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Podcast: Supercomputing the Emergence of Material Behavior

Structural features of C98RhuA crystals. a, Surface representation of a C98RhuA tetramer, with position 98 highlighted in black, and a schematic of its oxidative self-assembly into porous 2D crystals.

In this TACC Podcast, Chemists at the University of California, San Diego describe how they used supercomputing to design a sheet of proteins that toggle between different states of porosity and density. This is a first in biomolecular design that combined experimental studies with computation done on supercomputers.

The research, published in April 2018 edition of Nature Chemistry, could help create new materials for renewable energy, medicine, water purification, and more.

“We did an extensive set of molecular dynamics simulations and experiments, which explained the basis of the unusual structural dynamics of these artificial proteins, based on which we were able to make rational decisions and alter the structural dynamics of the assembly,” said study co-author Akif Tezcan, a professor of chemistry and biochemistry at UCSD.

F. Akif Tezcan, Department of Chemistry and Biochemistry, University of California, San Diego, La Jolla.

Our idea was to be able to build complex materials, like evolution has done, using proteins as building blocks.

Tezcan’s team worked with the protein L-rhamnulose-1-phosphate aldolase (RhuA), which was modified with cysteine amino acids in its four corners at position 98 (C98RhuA). He and his group had previously published work on the self-assembly of this artificial, two-dimensional protein architecture, which he said showed an interesting behavior called auxeticity.

These crystalline assemblies can actually open and close in coherence,” Tezcan said. “As they do, they shrink or expand equally in X and Y directions, which is the opposite of what normal materials do. We wanted to investigate what these motions are due to and what governs them.” An example of auxeticity can be seen in the Hoberman Sphere, a toy ball that expands through its scissor-like hinges when you pull the ends apart.

“Our goal was to be able to do the same thing, using proteins as building blocks, to create new types of materials with advanced properties,” Tezcan said. “The example that we’re studying here was essentially the fruit of those efforts, where we used this particular protein that has a square-like shape, which we attached to one another through chemical linkages that were reversible and acted like hinges. This allowed these materials to form very well-ordered crystals that were also dynamic due to the flexibility of these chemical bonds, which ended up giving us these new, emergent properties.”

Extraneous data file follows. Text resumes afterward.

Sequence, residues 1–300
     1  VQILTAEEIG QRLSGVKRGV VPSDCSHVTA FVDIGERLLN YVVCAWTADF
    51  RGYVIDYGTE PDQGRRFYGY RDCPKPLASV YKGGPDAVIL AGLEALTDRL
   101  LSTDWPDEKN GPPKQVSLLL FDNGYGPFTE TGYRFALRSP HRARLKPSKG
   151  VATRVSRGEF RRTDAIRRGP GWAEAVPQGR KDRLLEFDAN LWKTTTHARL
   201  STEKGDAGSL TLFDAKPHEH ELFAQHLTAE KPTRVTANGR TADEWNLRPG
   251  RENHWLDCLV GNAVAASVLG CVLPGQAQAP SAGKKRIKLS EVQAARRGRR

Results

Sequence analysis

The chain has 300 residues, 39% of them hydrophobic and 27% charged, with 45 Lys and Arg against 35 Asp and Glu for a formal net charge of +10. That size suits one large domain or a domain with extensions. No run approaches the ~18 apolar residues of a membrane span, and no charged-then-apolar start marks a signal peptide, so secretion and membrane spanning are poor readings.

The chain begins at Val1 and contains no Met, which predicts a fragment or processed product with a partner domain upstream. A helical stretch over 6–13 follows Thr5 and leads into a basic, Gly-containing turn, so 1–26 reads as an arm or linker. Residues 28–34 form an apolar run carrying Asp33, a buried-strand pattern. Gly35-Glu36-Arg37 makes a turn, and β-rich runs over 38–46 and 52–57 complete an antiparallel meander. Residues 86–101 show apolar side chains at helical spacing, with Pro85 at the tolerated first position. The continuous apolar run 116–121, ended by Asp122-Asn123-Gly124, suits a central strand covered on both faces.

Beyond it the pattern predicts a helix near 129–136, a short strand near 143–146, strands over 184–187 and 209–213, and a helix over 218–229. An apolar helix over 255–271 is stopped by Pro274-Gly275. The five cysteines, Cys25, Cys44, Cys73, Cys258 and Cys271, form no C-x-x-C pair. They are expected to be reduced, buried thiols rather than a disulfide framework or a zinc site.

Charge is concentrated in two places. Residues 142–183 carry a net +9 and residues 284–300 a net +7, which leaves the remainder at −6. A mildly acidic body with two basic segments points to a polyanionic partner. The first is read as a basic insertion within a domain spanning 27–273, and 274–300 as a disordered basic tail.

All of these computing clusters that XSEDE provides are actually quite useful for all molecular dynamic simulations.

The all-atom molecular simulations of the C98RhuA crystal lattices were used to map the free-energy landscape. This energy landscape looks like a natural landscape, with valleys, mountains, and mountain passes, explained study co-author Francesco Paesani, a professor of chemistry and biochemistry at UCSD.

Francesco Paesani, Department of Chemistry and Biochemistry, University of California, San Diego, La Jolla.

“The valleys become the most stable configurations of your protein assemblies,” Paesani said, which the molecular system prefers over having to spend energy to go over a mountain. And the mountain passes show the way from one stable structure to another.

Typically, free energy calculations are very expensive and challenging because essentially what you’re trying to do is sample all possible configurations of a molecular system that contains thousands of atoms. And you want to know how many positions these atoms can acquire during a simulation. It takes a lot of time and a lot of computer resources,” Paesani said.

To meet these and other computational challenges, Paesani has been awarded supercomputer allocations through XSEDE, the Extreme Science and Engineering Discovery Environment, funded by the National Science Foundation.

Fortunately, XSEDE has provided us with an allocation on Maverick, the GPU computing clusters at the Texas Advanced Computing Center,” Paesani said. Maverick is a dedicated visualization and data analysis resource architected with 132 NVIDIA Tesla K40 “Atlas” graphics processing units (GPU) for remote visualization and GPU computing to the national community.

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